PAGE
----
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One Health, Fermented Foods, and Gut Microbiota
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Microbiology of Fermented Foods and Beverages

Theodoros Varzakas
Department of Food Science and Technology, University of the Peloponnese, Antikalamos, 24100 Kalamata, Greece
Foods 2020, 9(11), 1660;
Submission received: 30 October 2020 / Revised: 7 November 2020 / Accepted: 9 November 2020 / Published: 13 November 2020
(This article belongs to the Special Issue Microbiology of Fermented Foods and Beverages)
Fermented foods are consumed all over the world and show increasing trends. They play many roles, from preservation to food security, improved nutrition and social well-being. Different microorganisms are involved in the fermentation process and the diversity of the microbiome is high.
Varzakas et al. [1] have reported on the different fermented vegetables worldwide and the versatility of microorganisms involved. They highlighted soybean tempe and other soybean paste products, sauerkraut, fermented olives, fermented cucumber and kimchi. Moreover, salting procedures are well explained along with the role of lactic acid bacteria in fermented vegetables.
One of these types of microorganisms involved in fermented foods is lactic acid bacteria, which has a strong antibacterial effect due to the production of bacteriocins [2].
Zabat et al. [3] utilized 16S rRNA amplicon sequencing to profile the microbial community of naturally fermented sauerkraut throughout the fermentation process and analyzed the bacterial communities of the starting ingredients and the production environment. They showed that the sauerkraut microbiome is rapidly established after fermentation begins and that the community is stable through fermentation and packaging for commercial sale.
On the other hand, yeasts such as Saccharomyces cerevisiae have been added in the dough of bakery products to improve organoleptic properties and reduce spoilage. In this direction, the potential use of L. plantarum UFG 121 in the biomass of the dough has been explored, as a biocontrol agent in bread production and a species- or strain-dependent sensitivity of the molds was suggested to the same microbial-based control strategy [4]. Moreover, Kara Ali [5] studied the production of the biomass of S. cerevisiae on an optimized medium using date extract as the only carbon source in order to obtain a good yield of the biomass. The biomass production was carried out according to the central composite experimental design (CCD) as a response surface methodology.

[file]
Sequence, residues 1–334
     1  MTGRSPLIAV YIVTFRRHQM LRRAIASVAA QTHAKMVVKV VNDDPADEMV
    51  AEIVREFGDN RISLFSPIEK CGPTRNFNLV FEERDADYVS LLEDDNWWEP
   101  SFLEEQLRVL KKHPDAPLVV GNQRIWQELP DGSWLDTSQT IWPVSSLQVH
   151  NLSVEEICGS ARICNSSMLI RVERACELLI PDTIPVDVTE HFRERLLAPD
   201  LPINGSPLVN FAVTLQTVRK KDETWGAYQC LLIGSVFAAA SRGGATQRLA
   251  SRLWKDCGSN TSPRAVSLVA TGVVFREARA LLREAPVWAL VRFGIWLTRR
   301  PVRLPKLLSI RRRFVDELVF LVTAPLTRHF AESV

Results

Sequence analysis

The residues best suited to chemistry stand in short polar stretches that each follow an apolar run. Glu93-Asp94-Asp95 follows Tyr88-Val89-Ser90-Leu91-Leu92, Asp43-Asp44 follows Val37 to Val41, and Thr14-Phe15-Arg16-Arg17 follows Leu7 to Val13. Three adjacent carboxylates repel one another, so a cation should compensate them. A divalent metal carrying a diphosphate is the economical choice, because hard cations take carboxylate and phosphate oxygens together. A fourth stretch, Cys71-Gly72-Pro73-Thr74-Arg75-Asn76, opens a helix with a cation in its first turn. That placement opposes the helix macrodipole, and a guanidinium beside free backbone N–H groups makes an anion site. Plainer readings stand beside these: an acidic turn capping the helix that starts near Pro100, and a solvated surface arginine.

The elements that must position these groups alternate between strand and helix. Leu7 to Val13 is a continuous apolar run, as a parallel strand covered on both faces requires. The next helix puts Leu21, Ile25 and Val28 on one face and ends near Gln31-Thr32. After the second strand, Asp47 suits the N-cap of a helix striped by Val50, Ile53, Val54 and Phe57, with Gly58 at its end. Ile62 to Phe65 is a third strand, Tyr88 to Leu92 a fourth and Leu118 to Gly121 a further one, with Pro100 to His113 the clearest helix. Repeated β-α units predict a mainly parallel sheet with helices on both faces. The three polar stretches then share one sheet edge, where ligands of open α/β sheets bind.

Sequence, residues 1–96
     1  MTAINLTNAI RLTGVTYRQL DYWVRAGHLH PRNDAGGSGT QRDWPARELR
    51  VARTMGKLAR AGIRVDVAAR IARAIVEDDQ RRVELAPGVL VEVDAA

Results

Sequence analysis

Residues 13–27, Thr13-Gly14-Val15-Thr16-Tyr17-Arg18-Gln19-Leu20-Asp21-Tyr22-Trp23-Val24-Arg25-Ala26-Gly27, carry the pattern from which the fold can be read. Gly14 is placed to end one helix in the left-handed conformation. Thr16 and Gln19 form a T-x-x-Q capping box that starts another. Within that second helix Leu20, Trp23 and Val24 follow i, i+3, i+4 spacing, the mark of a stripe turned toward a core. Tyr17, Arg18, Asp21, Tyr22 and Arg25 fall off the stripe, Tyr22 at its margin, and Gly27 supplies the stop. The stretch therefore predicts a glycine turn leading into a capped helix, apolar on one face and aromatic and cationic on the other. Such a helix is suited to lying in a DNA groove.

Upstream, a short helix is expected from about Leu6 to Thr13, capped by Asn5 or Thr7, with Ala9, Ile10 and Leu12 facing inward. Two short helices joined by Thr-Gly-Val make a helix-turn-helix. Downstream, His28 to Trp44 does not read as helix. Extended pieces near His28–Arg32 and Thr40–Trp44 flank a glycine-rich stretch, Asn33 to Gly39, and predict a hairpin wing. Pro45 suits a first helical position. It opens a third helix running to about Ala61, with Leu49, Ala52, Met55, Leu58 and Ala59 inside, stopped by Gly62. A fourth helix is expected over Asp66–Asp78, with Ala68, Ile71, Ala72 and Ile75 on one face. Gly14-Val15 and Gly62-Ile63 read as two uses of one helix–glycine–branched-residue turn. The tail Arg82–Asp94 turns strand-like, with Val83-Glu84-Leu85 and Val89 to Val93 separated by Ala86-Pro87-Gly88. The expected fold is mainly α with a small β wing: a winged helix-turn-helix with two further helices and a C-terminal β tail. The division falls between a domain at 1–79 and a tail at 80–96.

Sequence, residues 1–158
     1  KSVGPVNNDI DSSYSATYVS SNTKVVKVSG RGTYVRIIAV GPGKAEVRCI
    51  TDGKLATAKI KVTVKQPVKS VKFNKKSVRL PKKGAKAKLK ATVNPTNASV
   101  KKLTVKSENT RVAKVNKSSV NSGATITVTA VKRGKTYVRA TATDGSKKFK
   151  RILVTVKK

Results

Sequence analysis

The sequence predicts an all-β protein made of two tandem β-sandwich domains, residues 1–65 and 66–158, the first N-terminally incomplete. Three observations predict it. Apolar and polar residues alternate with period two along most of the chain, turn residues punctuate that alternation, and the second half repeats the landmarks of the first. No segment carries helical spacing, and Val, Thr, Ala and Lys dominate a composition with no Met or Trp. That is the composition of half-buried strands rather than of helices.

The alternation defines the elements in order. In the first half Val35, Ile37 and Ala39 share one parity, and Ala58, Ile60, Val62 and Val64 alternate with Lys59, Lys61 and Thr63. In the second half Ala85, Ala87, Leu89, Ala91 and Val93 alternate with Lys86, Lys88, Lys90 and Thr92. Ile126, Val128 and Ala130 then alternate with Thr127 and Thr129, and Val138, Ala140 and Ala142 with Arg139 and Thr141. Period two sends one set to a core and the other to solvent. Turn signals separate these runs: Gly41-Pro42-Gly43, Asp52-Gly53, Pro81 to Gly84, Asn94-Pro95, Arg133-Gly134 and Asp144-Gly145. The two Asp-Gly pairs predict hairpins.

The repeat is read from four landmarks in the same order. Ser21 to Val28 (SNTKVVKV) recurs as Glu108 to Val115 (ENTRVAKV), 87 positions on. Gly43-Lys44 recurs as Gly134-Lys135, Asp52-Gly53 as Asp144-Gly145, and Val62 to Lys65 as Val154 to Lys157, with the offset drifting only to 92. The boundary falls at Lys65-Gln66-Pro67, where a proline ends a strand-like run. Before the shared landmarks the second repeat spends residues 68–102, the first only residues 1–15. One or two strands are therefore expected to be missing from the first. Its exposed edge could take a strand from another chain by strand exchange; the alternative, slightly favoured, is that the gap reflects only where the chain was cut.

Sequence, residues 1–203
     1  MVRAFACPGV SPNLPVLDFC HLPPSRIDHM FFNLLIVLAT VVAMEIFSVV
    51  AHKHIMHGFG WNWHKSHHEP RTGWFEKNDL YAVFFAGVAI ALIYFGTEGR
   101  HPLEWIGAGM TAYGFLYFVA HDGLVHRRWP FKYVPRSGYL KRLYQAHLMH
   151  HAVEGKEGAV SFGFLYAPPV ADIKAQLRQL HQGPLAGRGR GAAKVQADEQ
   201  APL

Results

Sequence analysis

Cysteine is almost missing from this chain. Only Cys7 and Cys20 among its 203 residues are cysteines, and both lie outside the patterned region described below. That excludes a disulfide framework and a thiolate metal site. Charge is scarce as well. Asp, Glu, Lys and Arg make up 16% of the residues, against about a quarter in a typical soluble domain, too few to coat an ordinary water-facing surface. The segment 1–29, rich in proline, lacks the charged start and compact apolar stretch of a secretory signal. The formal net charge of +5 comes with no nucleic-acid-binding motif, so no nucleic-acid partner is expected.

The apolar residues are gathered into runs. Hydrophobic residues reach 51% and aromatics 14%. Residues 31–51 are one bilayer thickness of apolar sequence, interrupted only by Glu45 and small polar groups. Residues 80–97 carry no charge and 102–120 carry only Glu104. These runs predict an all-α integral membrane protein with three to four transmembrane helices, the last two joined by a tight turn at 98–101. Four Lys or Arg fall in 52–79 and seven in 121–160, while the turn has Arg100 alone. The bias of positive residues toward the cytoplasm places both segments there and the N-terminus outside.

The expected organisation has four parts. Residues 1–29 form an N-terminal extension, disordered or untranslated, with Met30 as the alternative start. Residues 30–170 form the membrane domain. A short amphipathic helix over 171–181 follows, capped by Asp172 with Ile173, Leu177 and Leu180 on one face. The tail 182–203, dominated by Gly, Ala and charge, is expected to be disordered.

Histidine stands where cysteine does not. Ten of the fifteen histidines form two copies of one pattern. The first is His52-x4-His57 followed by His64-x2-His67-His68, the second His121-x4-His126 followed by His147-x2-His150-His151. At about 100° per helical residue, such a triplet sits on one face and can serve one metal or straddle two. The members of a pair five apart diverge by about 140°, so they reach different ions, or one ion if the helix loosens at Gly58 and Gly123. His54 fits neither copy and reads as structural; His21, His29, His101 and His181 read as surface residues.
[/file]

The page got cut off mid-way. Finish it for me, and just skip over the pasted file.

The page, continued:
Finally, Bell et al. [6,7], highlighted the role of fermented foods and beverages on gut microbiota and debated for the need of transdisciplinary fields of One Health to enhance communication. They addressed nutritional and health attributes and reported that they are not included globally in world food guidelines. They also referred to some traditional African fermented products.
Fermented foods have well-known uses in human health and could help in the prevention of chronic diseases from the general gut health, to immune support, skin health, cholesterol control and lactose intolerance. More research is required in the direction of consumption of fermented foods, their benefits and daily administration.


This research received no external funding.

Conflicts of Interest

The authors declare no conflict of interest.


  1. Varzakas, T.; Zakynthinos, G.; Proestos, C.; Radwanska, M. Fermented Vegetables. In Minimally Processed and Refrigerated Fruits and Vegetables; Yildiz, F., Wiley, R.C., Eds.; Springer: Boston, MA, USA, 2017; Chapter 15; pp. 537–584. [Google Scholar]
  2. Agriopoulou, S.; Stamatelopoulou, E.; Sachadyn-Król, M.; Varzakas, T. Lactic Acid Bacteria as Antibacterial Agents to Extend the Shelf Life of Fresh and Minimally Processed Fruits and Vegetables: Quality and Safety Aspects. Microorganisms 2020, 8, 952. [Google Scholar] [CrossRef] [PubMed]
  3. Zabat, M.A.; Sano, W.H.; Wurster, J.I.; Cabral, D.J.; Belenky, P. Microbial Community Analysis of Sauerkraut Fermentation Reveals a Stable and Rapidly Established Community. Foods 2018, 7, 77. [Google Scholar] [CrossRef] [PubMed] [Green Version]
  4. Russo, P.; Fares, C.; Longo, A.; Soano, G.; Capozzi, V. Lactobacillus plantarum with Broad Antifungal Activity as a Protective Starter Culture for Bread Production. Foods 2017, 6, 110. [Google Scholar] [CrossRef] [PubMed] [Green Version]
  5. Kara Ali, M.; Outili, N.; Ait Kaki, A.; Cherfia, R.; Benhassine, S.; Benaissa, A.; Kacem Chaouche, N. Optimization of Baker’s Yeast Production on Date Extract Using Response Surface Methodology (RSM). Foods 2017, 6, 64. [Google Scholar] [CrossRef] [PubMed] [Green Version]
  6. Bell, V.; Ferrão, J.; Pimentel, L.; Pintado, M.; Fernandes, T. One Health, Fermented Foods, and Gut Microbiota. Foods 2018, 7, 195. [Google Scholar] [CrossRef] [PubMed] [Green Version]
  7. Bell, V.; Ferrão, J.; Fernandes, T. Nutritional Guidelines and Fermented Food Frameworks. Foods 2017, 6, 65. [Google Scholar] [CrossRef] [PubMed] [Green Version]
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Varzakas, T. Microbiology of Fermented Foods and Beverages. Foods 2020, 9, 1660.

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Varzakas T. Microbiology of Fermented Foods and Beverages. Foods. 2020; 9(11):1660.

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Varzakas, Theodoros. 2020. "Microbiology of Fermented Foods and Beverages" Foods 9, no. 11: 1660.

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